Further, we can capitalize on what we have learned through implementation of the current ICS curriculum and previous iterations.  We know that multidisciplinary training is most effective since larger incidents are multidisciplinary.  We also know that training must be interactive and maximize hands-on time.  The past few updates to the ICS courses have done a great job of encouraging this, but we need more.

Making more detailed recommendations on fixing ICS training will take time and effort, as a solid Analysis must first be done.  Once core competencies can be identified and defined, then a strategy for revamping ICS training can be developed.  As mentioned in ICS Training Sucks, this approach should be multi-faceted, using both new and (good) existing courses to support it. Let’s not be bound by what currently exists.  We don’t necessarily have to create a ‘new’ ICS-300 or ICS-400 course.  Let’s create courses within a broader program that meets the needs of the emergency management community.  They may no longer be called ICS-300 and ICS-400.  Perhaps these two will be replaced by four smaller courses?  Who knows where this path will take us? The bottom line is that we need to be responsive to the needs of the learners, not bound by “the way we’ve always done it.”

As always, feedback is appreciated.  Perhaps there exists an institution that has the desire and funding to pursue this further?  I’m fully onboard!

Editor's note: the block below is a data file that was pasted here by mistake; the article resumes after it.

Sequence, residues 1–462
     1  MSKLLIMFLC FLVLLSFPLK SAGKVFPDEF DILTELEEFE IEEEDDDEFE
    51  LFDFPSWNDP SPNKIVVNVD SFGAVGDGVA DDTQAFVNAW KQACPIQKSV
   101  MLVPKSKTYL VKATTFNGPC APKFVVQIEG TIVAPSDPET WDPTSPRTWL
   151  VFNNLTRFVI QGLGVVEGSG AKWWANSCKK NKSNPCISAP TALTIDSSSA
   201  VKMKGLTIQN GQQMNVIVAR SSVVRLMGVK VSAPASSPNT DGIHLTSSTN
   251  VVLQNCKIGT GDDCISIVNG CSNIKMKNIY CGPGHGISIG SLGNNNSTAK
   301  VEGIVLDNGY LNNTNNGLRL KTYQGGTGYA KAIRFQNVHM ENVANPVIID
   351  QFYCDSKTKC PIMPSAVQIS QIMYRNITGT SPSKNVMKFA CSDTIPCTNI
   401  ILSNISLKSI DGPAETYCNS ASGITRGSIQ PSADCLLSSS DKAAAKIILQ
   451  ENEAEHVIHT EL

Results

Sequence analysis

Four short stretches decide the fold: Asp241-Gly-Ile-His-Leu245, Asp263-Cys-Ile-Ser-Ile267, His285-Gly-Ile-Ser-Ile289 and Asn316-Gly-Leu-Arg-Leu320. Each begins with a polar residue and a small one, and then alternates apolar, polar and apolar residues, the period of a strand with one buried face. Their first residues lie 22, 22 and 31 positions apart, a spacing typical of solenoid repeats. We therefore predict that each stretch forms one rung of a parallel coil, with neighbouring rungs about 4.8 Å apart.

© 2015 – Timothy Riecker

Emergency Preparedness Solutions, LLC


Well OF COURSE Drones Can Be Used As WEAPONS

It’s rather insane that it took this long for the US Department of Homeland Security to issue a warning to law enforcement about the potential use of drones/UAVs as weapons or to further the criminal enterprise.  If you’re not familiar with the DHS bulletin, see this CBS News story.

For those of you who have been steady readers of mine, you can probably tell that I’m pro-drone.  However, just like anything else, someone is bound to adapt the technology for their own malicious purposes.  While we are still getting our act together in figuring out how to apply UAV technology for myriad good and purposeful things, there have been those out there trying to figure out how to use the same technology for advancing criminal and terrorist agendas.